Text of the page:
‘Castle Rock’ Renewed for Season 2 on Hulu
As many times as Stephen King’s works have been adapted to the big screen, the author also has quite the legacy when it comes to TV. Books like The Stand and Salem’s Lot have been adapted into miniseries, and titles like The Mist and Mr. Mercedes have become shows.
The most recent King-based TV show is Hulu’s Castle Rock, which unlike most projects related to King, doesn’t adapt any single one of his stories. Instead, Castle Rock takes place within King’s multiverse, and incorporates aspects of many of his most beloved tales.
Recently, Castle Rock’s producers made it known that were the series to continue, it would take on an anthology format, and tell a different King-connected story each season. Now, THR reports that Hulu has officially renewed the popular program for season 2.
Based on the prior report about each new season telling a different story though, one wonders if any cast members will return. Season 1 boasted quite the ensemble, including lead Andre Holland, Bill Skarsgard, Sissy Spacek, Terry O’Quinn, Jane Levy, and Scott Glenn.
If any of those actors do come back, one assumes they’ll be playing different characters, in a different setting. This wouldn’t be anything new for TV, as FX’s American Horror Story has been doing it for almost a decade. Here’s hoping details on season 2 are revealed soon.
Fangs, Nic! This Final ‘Renfield’ Trailer is Beyond
We aren’t sure what to make of the upcoming movie Renfield, but after watching this final trailer, we are definitely interested. Although it’s coming across as a straight-up comedy, the movie isn’t light on blood according to the latest, and final, trailer.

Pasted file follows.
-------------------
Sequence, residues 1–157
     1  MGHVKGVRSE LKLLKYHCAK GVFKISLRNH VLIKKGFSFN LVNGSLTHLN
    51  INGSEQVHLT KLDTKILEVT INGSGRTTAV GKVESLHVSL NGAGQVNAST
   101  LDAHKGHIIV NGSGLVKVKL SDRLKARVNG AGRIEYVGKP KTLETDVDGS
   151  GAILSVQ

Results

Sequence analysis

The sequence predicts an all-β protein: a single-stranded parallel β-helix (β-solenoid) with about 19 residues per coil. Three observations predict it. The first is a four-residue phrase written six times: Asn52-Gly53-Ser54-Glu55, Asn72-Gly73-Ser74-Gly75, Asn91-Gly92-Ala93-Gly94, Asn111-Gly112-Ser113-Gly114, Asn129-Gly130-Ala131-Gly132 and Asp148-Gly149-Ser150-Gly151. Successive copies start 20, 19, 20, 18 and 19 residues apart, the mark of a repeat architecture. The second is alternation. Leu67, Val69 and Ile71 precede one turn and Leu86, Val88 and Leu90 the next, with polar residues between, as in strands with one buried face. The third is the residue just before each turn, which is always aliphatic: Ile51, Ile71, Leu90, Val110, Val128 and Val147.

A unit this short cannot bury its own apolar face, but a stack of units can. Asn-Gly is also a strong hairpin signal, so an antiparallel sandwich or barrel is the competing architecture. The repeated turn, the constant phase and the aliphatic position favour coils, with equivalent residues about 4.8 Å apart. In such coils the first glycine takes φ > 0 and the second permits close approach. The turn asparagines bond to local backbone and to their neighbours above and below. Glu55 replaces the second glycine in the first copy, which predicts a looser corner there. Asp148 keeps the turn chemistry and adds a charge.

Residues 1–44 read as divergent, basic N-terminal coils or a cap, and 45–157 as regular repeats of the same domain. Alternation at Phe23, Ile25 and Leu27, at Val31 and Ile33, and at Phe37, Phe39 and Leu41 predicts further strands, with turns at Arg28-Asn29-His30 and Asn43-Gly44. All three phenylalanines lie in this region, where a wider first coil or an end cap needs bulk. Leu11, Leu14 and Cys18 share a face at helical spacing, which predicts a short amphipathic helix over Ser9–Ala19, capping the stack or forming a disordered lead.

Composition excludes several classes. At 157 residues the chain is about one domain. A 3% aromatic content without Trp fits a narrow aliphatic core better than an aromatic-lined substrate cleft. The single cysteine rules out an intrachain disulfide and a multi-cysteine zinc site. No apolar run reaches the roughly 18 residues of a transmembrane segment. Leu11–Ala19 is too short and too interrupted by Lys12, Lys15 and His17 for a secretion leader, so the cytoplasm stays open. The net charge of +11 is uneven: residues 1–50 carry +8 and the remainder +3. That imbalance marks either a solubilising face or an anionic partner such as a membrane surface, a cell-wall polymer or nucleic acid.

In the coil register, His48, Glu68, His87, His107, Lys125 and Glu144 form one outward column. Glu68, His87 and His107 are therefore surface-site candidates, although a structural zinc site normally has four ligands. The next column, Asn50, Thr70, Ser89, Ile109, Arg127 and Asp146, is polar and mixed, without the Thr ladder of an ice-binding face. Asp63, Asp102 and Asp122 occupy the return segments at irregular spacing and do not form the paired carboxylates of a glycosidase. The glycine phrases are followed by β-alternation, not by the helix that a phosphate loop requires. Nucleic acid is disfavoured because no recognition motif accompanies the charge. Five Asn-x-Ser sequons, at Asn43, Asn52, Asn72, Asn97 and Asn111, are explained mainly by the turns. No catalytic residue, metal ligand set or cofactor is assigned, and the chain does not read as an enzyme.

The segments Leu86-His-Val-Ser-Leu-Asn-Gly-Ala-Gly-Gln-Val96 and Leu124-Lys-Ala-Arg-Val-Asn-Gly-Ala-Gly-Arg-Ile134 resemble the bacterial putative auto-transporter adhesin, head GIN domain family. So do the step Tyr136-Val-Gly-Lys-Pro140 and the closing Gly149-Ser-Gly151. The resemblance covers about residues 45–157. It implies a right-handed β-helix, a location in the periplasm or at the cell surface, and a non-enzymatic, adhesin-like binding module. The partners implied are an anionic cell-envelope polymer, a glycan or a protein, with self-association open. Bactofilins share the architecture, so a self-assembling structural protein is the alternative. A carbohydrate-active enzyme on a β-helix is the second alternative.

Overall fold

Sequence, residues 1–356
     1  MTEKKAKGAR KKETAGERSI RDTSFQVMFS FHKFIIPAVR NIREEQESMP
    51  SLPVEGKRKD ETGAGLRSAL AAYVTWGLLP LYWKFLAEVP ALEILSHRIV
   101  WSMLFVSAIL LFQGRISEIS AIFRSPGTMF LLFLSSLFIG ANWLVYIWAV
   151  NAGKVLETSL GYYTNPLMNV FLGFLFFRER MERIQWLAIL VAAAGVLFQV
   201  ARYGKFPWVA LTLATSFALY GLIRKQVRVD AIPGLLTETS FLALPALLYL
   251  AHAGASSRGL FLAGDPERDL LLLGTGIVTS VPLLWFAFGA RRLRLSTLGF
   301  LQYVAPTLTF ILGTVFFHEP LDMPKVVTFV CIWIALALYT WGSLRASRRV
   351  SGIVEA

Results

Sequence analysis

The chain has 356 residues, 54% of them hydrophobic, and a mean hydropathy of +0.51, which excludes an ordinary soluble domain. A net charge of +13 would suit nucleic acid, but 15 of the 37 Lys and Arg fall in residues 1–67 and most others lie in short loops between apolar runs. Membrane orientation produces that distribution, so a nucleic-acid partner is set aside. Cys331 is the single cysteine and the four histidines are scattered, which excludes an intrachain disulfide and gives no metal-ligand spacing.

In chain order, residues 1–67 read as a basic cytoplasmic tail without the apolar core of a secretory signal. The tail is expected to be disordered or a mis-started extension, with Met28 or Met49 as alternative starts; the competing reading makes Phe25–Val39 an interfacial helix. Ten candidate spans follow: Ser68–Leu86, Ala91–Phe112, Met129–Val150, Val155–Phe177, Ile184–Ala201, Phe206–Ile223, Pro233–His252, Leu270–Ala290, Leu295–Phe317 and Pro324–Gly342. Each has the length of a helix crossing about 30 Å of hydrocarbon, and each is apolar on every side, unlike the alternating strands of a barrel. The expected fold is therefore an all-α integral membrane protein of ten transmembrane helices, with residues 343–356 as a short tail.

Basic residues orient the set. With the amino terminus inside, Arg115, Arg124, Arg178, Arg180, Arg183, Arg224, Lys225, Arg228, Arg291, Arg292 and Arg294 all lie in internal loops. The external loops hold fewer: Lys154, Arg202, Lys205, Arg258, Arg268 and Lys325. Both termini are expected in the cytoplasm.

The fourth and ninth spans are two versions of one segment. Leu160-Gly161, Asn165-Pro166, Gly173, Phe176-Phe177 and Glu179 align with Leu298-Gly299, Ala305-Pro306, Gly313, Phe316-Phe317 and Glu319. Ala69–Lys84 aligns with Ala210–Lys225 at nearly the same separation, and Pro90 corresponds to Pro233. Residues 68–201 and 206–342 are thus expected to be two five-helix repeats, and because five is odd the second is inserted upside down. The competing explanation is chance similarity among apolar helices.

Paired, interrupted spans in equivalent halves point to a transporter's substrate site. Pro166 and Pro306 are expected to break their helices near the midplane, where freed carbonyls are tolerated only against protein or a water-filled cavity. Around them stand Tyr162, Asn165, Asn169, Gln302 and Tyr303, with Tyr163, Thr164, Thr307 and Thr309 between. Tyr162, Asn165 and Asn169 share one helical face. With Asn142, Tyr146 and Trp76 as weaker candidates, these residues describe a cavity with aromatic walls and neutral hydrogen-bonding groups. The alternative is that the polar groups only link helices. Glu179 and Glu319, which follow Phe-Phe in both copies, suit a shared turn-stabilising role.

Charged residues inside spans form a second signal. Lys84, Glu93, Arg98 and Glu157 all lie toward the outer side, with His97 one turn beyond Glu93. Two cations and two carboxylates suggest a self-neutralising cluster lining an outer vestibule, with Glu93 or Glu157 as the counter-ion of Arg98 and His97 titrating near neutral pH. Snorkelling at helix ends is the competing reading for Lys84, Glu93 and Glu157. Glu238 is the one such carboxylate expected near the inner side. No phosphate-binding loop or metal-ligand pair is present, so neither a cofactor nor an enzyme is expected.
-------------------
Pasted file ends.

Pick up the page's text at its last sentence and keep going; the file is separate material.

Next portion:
When you watch it, the zingers and (CGI) blood fly, but there also seems to be some inspiration and romance at the heart of the story. Not between Dracula and his titular assistant (that would be interesting), but between Renfield and a cop named Rebecca Quincy (Awkwafina).
Horror movies with a comedic edge are becoming very popular this year. First, we had the hilarious and often brutal Cocaine Bear and soon we are getting the saliently self-aware African American film The Blackening which pokes fun at POC horror tropes: their tagline is “We can’t all die first.” Then there was Winnie the Pooh: Blood and Honey, but was that a comedy, or just “funny.”
It still remains to be seen if Renfield is Mel Brooks funny or Edgar Wright funny.
Either way, Renfied looks like it’s going to be a good time with Nic Cage being his usual campy self. It’s currently making the festival rounds now but will be released theatrically on April 14.
Renfield is directed by Chris McKay (The Tomorrow War, and Lego Batman Movie) and stars Nicolas Cage, Nichoals Hoult with co-stars Awkwafina, Ben Schwartz, Adrian Martinez, and Shohreh Aghdashloo.